After wear ring re-circulation is addressed by wear ring replacement and bearing replacement reduces frictional drag on the shaft, the next largest opportunity (and one which can reap rewards for years afterwards) is reducing the friction on the wet end by applying a ceramic reinforced epoxy. Field experience has resulted in gains equal to and, in some cases, exceeding the gains brought about by only mechanical refurbishment.

AW Chesterton Unlocking Pump Efficiency The Power of Restoration & Protective Coatings (1)


Application of Protective Coatings

Coatings increase reliability by reducing the impact of corrosion and wear resistance:

  • The polymer-based coating provides both corrosion protection and reduction of surface roughness of the otherwise uncoated, wet-end base metal.
  • If choosing a ceramic reinforcement system, utilized in coatings, enhances the overall wear resistance of the wet-end components by maintaining tolerances longer and reducing the “wear eddies.”

These coatings typically come in paste rebuilding and liquid resurfacing grades, allowing worn pumps or new pumps with significant casting defects to be resurfaced and coated.By effectively blocking the corrosion/erosion cycle, coatings can preserve and protect wet end corrosion from taking hold (see Figure 1).

Coatings improve the use of energy by reducing frictional losses associated with scale and tuberculation:

  • The applied polymer coating will significantly reduce surface roughness which directly impacts the amount of energy transferred to the fluid by the impeller.
  • The “Surface Energy of Coating” is significantly less than that of the base metal, in essence making the surface hydrophobic (water repelling) and reducing wetting factors throughout the hydraulic passages of the pump and impeller.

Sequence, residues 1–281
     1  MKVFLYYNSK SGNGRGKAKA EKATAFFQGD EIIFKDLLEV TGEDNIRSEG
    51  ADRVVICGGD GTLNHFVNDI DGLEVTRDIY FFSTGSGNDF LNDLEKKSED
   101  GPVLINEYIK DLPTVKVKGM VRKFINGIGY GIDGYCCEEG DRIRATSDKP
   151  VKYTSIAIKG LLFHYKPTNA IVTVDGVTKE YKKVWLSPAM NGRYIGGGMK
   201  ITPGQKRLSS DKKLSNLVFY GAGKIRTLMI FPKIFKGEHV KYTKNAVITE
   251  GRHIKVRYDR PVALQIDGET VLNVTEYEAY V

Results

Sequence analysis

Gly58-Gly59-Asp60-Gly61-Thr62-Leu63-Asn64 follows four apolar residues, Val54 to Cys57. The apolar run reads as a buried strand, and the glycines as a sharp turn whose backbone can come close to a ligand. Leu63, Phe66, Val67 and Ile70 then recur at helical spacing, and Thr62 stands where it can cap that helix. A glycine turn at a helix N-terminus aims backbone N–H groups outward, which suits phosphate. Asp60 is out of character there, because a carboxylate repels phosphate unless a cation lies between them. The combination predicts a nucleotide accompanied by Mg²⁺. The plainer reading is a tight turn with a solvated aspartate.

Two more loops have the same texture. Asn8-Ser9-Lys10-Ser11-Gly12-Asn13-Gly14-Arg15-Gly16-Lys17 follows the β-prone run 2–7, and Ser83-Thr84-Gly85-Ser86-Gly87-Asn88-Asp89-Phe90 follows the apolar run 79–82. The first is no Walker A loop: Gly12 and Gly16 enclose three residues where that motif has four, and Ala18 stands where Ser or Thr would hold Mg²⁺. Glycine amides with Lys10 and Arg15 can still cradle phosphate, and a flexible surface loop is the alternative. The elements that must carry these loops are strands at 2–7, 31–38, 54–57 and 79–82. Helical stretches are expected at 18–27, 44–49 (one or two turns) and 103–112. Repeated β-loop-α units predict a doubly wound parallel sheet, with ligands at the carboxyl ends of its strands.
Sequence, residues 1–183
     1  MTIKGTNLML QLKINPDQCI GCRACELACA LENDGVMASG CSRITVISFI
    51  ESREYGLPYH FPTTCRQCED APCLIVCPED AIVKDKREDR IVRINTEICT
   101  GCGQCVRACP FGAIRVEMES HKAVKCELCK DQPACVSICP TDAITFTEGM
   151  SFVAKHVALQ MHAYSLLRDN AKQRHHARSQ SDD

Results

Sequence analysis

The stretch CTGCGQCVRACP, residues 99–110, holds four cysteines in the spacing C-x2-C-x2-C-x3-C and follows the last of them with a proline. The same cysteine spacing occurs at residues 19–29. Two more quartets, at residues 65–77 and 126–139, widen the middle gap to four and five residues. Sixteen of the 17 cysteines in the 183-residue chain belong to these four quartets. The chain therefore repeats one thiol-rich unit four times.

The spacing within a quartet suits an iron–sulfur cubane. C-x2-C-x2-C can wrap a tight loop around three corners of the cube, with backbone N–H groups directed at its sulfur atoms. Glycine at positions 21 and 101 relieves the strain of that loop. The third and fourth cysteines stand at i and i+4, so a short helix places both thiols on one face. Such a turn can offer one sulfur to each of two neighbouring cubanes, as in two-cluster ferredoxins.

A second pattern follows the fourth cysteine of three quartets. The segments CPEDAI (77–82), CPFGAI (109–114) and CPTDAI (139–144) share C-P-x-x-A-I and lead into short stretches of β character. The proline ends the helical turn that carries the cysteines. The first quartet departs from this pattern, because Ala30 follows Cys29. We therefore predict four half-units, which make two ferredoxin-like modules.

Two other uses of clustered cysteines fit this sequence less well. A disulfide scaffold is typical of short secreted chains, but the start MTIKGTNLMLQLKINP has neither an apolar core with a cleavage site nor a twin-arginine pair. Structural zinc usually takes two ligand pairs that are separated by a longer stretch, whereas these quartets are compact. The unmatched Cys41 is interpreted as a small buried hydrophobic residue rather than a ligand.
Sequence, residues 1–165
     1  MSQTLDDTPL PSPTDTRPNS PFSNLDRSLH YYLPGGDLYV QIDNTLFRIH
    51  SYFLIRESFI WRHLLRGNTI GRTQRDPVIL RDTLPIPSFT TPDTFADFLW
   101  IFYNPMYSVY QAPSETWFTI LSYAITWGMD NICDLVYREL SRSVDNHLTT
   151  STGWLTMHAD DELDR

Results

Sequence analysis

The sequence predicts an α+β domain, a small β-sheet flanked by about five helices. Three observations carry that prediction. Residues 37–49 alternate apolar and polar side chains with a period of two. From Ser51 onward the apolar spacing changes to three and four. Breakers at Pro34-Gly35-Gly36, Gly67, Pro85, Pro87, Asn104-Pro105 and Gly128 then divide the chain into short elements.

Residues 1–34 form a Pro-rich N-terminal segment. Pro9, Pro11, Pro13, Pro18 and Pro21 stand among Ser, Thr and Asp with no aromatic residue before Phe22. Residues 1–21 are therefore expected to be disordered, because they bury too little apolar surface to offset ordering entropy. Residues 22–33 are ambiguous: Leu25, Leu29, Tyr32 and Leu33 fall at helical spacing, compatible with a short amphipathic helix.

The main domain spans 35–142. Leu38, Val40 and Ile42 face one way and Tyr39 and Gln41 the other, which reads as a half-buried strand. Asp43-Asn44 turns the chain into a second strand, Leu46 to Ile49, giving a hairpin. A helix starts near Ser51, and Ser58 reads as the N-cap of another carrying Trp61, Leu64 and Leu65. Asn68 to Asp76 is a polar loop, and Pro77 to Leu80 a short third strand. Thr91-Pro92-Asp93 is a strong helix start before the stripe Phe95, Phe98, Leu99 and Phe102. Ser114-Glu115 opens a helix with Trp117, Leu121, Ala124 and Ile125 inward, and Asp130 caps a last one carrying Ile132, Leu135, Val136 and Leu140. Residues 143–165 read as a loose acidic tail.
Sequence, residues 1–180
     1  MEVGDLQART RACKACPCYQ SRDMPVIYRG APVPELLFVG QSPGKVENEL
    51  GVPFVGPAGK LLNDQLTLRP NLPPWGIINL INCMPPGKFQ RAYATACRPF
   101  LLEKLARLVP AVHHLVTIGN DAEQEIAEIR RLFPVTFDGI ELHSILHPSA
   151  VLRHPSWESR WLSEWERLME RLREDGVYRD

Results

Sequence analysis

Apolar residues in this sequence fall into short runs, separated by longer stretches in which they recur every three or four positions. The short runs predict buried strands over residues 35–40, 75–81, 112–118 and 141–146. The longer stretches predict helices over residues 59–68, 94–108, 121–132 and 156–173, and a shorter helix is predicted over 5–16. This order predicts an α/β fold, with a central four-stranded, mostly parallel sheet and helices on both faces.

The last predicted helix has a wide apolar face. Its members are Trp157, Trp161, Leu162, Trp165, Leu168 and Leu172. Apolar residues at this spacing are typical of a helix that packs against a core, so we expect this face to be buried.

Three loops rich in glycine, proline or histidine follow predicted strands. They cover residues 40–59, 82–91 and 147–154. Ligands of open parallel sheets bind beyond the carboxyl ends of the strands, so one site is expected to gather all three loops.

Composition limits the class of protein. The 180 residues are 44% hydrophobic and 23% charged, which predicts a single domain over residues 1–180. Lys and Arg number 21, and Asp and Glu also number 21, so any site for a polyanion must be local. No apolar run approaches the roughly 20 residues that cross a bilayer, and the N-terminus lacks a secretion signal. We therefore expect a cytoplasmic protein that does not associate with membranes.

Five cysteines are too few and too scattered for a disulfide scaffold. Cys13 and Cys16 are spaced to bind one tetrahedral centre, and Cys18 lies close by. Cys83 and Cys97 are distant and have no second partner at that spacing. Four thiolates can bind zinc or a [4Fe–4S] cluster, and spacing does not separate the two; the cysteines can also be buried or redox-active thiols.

AW Chesterton Unlocking Pump Efficiency The Power of Restoration & Protective Coatings

Figure 1: Impact of Corrosion/Erosion vs. Protective Coatings

Choosing the Optimal Coating

In selecting a coating, the following factors come into play:

  • Does the coating have the right performance properties to resist the “wet end” pump conditions while it is operating? Several key factors to consider are:
    • Fluid media and temperature
    • Suspended solids concentration and particle size range
    • Temperature and pressure/vacuum within pump system
  • Do tolerances exist that allow application of coating to wet end parts without impacting critical tolerances?
  • What is the potential for, and impact of, a coating that disintegrates and contaminates the process flow?

“While failure of seals or bearings may be immediately apparent, the deterioration in pump hydraulics is unlikely to be obvious. This can have many sources: chemical erosion, physical abrasion, deposition. The use of glass or resin coatings can help to increase and maintain a good hydraulic efficiency over a long period of time, and for larger pumps many users specify these coatings as standard.”

European Union SAVE Report (2001)

Pre-Coating of New Pumps

One of the more common methods of pump part manufacturing is sand casting. Sand casting results in a rough surface finish (350-750 RMS) which induce frictional losses and can accelerate erosion eddies. In addition, some pumps are designated for potable water service, and many of these will require a NSF-certified coating. In both of these cases, coatings can be used to enhance performance and provide extended reliability where rough sand cast finishes are present and provide potable water compliant contact surfaces for the life of the pump.

Are you considering refurbishing your pumps? AW Chesterton’s experienced team is on call to help. Contact them for a Plant Visit or email their Ask the Expert desk.

For more information:

Pump Efficiency Case Studies
Webinar: Identifying and Addressing Equipment Decay in Hydropower

*** Monroe County Source: Opflow – October 2015 “Save Energy by Refurbishing and Coating Pumps”

About the Author
Steve Bowditch is the Global Market Development Manager for ARC Efficiency and Protective Coatings. He is a NACE Level III CIP Inspector and SSPC Corrosion Specialist with over 35 years’ experience in the areas of protective coatings development and applications. When he is not immersed in the exciting world of protective coatings, he is hopefully sailing on a Hinckley Bermuda 40’ somewhere near a tropical island chain.